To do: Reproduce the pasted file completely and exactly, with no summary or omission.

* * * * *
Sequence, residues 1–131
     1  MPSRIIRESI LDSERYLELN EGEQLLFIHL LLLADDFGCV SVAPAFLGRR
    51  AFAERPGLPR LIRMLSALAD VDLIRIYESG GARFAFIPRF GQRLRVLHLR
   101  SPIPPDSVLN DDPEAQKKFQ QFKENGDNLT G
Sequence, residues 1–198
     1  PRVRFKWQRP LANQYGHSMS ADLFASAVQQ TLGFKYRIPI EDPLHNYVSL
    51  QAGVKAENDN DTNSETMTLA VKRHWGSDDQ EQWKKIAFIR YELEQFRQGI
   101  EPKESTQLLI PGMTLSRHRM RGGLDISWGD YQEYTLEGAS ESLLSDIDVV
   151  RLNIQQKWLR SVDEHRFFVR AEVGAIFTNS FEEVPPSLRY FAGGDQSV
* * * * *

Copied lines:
Sequence, residues 1–131
     1  MPSRIIRESI LDSERYLELN EGEQLLFIHL LLLADDFGCV SVAPAFLGRR
    51  AFAERPGLPR LIRMLSALAD VDLIRIYESG GARFAFIPRF GQRLRVLHLR
   101  SPIPPDSVLN DDPEAQKKFQ QFKENGDNLT G
Sequence, residues 1–198
     1  PRVRFKWQRP LANQYGHSMS ADLFASAVQQ TLGFKYRIPI EDPLHNYVSL
    51  QAGVKAENDN DTNSETMTLA VKRHWGSDDQ EQWKKIAFIR YELEQFRQGI
   101  EPKESTQLLI PGMTLSRHRM RGGLDISWGD YQEYTLEGAS ESLLSDIDVV
   151  RLNIQQKWLR SVDEHRFFVR AEVGAIFTNS FEEVPPSLRY FAGGDQSV